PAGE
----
Australian Health Dept answers questions on ME

Most of the $2.4 million in research the government says is for ME or CFS is spent on research into psychology, exercise or for other conditions such as hepatitis C. No studies funded in a decade.
For Australia’s 94,000 people with ME, or possibly up to 242,000 including CFS, the Australian Department of Health directly funded just three studies into ME or CFS in 16 years, two studies led by psychologists and one on Gulf War veterans. Funding for those studies finished in 2005.
Senator Scott Ludlam asked questions at a Budget Estimates hearing at Parliament House last year after learning how little is known at the diagnostic level and how people were left unassisted to deal with the illness.The senator said Estimates hearings were a good opportunity to question senior health bureaucrats and government representatives face-to-face.
“I looked at Hansard and it appears it has never been raised before. It might as well be invisible,” Ludlam said.
Australia’s National Health and Medical Research Council (NHMRC) took two of the senator’s questions ‘on notice’, as the NHMRC had been unable to answer them at the hearing. The first question on notice was what sort of research is being funded for Myalgic Encephalomyelitis, which may be known as chronic fatigue syndrome.
The NHMRC’s answer:
“Since 2000, the National Health and Medical Research Council (NHMRC) provided funding for Myalgic Encephalomyelitis (ME)/ Chronic Fatigue Syndrome (CFS) research totaling approximately $2.4 million. During that time, 22 applications seeking ME/CFS funding were submitted to NHMRC. Of these, six applications (27 per cent) were awarded funding. The majority of funded research has been/is focused on the clinical diagnosis and treatment of ME/CFS.”
According the NHMRC website, funding in 2000 to 2014 was given to:

  • ‘Depression, anxiety and somatic distress: syndromal structure and relationship to onset of clinical disorder’ (or the ‘simplified’ title the researchers offer is “Prediction of episodes of emotional disorder”), led by Prof Peter Lovibond at University of NSW ($224,000)
  • ‘A prospective study of the psychiatric & medical characteristics of post-infective fatigue & chronic fatigue syndrome’, (simplified title “Do some chronic fatigue states result directly from infectious illnesses?”), led by Prof Ian Hickie at University of NSW ($500,000)
  • ‘Respiratory and neurological health, symptoms and chronic fatigue syndrome in Australian Gulf War veterans’, led by Dr Helen Kelsall at Monash University ($58,000) [according the Australian War Memorial, 1800 Australians were deployed]
  • Three five-year fellowships at the University of NSW, two for Prof Andrew Lloyd ($1,065,000) and Assoc Prof Janet Taylor ($559,560)

Talking to researchers about their fellowships from the NHMRC shows a large portion of this funding is actually going to research on conditions other than ME or CFS. Associate Professor Janet Taylor, who received $559,560, said her research is about the role of the nervous system in exercise-related fatigue, she primarily works with healthy volunteers and has “actually done very little work on ME or CFS”. Professor Andrew Lloyd said “ninety percent of my work has nothing to do with CFS, it is mostly hepatitis C,” said.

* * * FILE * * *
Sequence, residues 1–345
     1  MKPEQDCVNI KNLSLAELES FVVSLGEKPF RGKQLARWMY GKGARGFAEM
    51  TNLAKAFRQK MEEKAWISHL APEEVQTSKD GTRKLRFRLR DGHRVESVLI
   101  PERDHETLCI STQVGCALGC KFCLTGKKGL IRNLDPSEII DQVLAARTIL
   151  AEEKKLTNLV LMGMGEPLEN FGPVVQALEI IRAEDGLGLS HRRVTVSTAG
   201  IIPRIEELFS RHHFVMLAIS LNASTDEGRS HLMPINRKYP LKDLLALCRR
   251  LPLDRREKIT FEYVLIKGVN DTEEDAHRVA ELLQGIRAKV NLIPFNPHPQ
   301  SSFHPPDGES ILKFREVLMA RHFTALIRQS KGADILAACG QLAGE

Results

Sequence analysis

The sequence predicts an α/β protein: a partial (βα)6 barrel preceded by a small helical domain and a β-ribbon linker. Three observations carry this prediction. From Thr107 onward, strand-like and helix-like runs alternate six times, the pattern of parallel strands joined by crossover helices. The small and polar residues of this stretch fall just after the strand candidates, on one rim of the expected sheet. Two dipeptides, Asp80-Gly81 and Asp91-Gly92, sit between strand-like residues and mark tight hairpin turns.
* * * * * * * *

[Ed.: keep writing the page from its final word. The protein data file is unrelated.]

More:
Other CFS research Lloyd is working on is an online program of graded exercise therapy and cognitive behavior therapy program at the University of NSW’s Fatigue Clinic. Lloyd described the PACE trial, which evaluated these therapies, as having “reasonably solid data”.
Lloyd, who sits on the grant review committees for the NHMRC, also suggested the government should fund international consortiums doing big studies. “The field needs large-scale, high-level, multi-disciplinary studies. Genes predispose people [to the illness] so the best way is a genome-wide association study, with 5,000 well-characterised group of patients and 5,000 controls.”
After reviewing the NHMRC answer Ludlam said “ME needs much more targeted research to give people guidance on what they have. It is scary to have wide sets of symptoms and it feels like sustained research could help”.
Ludlam also asked, “outside NHMRC grants, is there any Commonwealth support for people with this condition that you are aware?”.
“There is no specific programme in the Department of Health to support people with Myalgic Encephalomyelitis” was the Department of Health’s answer. The written answers to the questions taken on notice are published on the Australian Parliament House website.
Ludlam advised he has followed up with more questions, because ‘it felt like the response raised more questions than it answered.’ Ludlam also pointed out that advocacy groups are stretched and need resources to help patients, to provide education and support to GPs and to help them work with the NHMRC.
When asked for their response, Emerge Australia said they would be advocating for a review of the funding allocation and resourcing, and for the opportunity to discuss opportunities for targeted funding for ME research.
Hopefully, raising these questions about support for patients and the focus of research can change things for the better. As Ludlam says, ‘there is plenty we can do’.


14 thoughts on “Australian Health Dept answers questions on ME”

  1. Another excellent piece, Sasha. Thank you!
    This will not be a surprise to anyone either familiar with ME/CFS globally, nor who has looked at the NHMRC grant list information for “ME/CFS”.